Bluegrass music can be highly complex texturally, and the melody of tunes is frequently passed from one player to another during a piece bringing variety and interest to the piece. Being able to demonstrate technical ability is often practiced in Bluegrass performances and if this is facilitated by the expansion or development of song structure, then this is what happens.
Another characteristic of this genre of music is its innate adaptability. Bluegrass music does derive much of its early repertoire from the Folk Tradition but it takes inspiration from many other genres of music too. In a very real sense with gifted musicians at hand, you can place almost any piece of music into the Bluegrass setting successfully. Perhaps this is one reason why this genre of music has survived so well over the decades and enjoyed several major revivals during this time.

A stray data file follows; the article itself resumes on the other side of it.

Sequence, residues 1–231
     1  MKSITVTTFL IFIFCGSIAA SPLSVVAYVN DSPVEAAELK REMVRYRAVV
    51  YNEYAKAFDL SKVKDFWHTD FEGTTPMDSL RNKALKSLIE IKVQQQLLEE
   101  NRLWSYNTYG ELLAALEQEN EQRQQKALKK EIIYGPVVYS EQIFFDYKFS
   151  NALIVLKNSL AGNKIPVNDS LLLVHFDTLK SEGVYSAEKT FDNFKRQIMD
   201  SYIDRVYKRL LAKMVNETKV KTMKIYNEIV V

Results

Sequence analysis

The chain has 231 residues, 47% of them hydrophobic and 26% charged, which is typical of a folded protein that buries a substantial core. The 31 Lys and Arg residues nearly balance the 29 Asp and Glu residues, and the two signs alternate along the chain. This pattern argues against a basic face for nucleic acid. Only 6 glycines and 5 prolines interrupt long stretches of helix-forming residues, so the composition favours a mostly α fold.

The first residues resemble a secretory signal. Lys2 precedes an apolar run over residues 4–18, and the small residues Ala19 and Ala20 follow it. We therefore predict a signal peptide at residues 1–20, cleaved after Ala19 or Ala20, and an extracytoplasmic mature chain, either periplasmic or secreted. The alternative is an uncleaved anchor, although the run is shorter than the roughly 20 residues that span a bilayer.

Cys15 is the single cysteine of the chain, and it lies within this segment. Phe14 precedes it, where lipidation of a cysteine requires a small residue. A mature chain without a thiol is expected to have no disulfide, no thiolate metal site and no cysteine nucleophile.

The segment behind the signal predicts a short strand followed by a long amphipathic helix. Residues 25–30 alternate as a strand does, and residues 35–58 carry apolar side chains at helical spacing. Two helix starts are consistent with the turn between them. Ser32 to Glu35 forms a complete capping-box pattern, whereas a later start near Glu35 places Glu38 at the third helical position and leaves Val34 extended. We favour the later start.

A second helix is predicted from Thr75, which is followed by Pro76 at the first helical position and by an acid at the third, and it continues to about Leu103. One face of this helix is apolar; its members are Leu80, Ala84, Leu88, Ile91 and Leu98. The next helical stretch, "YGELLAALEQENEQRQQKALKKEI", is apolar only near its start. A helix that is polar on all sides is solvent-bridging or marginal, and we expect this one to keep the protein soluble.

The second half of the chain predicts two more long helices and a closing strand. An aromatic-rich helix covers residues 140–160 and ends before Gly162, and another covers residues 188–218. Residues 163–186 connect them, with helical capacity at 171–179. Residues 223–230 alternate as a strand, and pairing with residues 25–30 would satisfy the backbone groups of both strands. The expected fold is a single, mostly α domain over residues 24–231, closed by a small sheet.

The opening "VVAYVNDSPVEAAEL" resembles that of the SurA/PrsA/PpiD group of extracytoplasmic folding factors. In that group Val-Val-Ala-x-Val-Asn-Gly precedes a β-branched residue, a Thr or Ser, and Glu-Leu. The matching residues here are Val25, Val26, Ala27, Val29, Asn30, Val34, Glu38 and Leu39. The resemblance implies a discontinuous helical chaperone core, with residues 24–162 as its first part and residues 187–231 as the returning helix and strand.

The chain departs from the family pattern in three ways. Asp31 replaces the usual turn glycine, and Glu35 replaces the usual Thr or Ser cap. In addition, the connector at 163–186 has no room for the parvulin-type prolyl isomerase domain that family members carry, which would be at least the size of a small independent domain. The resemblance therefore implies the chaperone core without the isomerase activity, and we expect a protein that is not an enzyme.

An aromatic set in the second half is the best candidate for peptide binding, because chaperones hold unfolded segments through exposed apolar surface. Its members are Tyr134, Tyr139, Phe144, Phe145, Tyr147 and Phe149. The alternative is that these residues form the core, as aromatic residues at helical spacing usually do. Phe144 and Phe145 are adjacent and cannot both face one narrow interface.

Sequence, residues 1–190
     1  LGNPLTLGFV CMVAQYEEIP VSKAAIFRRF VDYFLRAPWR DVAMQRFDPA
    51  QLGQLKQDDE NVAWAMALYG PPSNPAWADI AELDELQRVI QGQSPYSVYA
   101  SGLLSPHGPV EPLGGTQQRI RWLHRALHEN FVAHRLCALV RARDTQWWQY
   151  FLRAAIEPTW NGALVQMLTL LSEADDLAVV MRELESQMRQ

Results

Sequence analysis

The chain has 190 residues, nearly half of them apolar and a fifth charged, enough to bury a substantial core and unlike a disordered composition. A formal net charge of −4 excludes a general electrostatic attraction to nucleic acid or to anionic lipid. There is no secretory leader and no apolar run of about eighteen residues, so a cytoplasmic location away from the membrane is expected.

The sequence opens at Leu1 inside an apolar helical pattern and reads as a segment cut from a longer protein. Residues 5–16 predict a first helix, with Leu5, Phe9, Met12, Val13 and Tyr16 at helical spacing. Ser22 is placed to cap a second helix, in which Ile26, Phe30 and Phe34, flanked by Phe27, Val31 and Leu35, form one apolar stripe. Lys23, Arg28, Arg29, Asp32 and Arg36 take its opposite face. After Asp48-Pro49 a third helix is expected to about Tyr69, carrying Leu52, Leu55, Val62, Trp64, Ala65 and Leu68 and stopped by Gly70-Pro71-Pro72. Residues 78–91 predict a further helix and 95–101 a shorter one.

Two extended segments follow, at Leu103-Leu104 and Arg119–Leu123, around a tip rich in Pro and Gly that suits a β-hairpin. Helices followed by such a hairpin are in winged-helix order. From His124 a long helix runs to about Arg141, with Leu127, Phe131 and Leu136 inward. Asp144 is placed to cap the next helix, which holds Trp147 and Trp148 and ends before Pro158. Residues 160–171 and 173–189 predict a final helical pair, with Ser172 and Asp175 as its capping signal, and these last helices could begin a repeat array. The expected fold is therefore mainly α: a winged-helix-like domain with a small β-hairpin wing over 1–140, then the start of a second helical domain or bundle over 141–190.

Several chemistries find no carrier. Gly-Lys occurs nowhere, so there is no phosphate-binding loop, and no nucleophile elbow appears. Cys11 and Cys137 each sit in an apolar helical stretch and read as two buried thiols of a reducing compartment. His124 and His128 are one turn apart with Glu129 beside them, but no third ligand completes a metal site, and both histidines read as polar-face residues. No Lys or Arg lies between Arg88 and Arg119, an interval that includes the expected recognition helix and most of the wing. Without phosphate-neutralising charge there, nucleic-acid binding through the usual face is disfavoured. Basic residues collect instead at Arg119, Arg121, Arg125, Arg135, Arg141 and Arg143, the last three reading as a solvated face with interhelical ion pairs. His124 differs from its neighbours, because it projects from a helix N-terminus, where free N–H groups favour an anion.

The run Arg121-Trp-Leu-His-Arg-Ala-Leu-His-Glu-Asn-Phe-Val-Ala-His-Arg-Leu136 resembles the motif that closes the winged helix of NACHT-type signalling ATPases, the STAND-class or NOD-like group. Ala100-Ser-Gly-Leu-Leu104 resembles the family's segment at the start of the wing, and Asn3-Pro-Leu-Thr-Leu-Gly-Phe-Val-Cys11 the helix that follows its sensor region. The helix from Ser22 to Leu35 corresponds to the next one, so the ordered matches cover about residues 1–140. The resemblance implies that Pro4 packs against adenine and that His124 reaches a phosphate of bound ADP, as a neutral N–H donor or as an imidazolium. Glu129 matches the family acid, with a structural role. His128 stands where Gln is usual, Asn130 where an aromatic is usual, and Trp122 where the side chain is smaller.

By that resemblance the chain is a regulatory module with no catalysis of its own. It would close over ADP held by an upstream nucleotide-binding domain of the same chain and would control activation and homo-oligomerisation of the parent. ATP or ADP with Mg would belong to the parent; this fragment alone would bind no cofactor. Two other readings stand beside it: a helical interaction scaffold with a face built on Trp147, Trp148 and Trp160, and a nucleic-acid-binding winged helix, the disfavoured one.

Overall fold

Following a slump in interest during the 1950s as Rock ‘ n’ Roll dominated the airwaves, Bluegrass rallied in the 1960s with ‘Progressive Bluegrass’, or ‘Newgrass’, exemplified by artists like The Country Gentlemen and The Dillards. The 1990s also saw a resurgence in interest in Bluegrass music and a new star in the Bluegrass heavens, Alison Krauss. Krauss brilliantly fused Bluegrass with Pop, and Country and has become one of the most successful female artists of her age. Whatever your preference may be Bluegrass Music is alive and kicking with vital, exciting, and diverse music for everyone.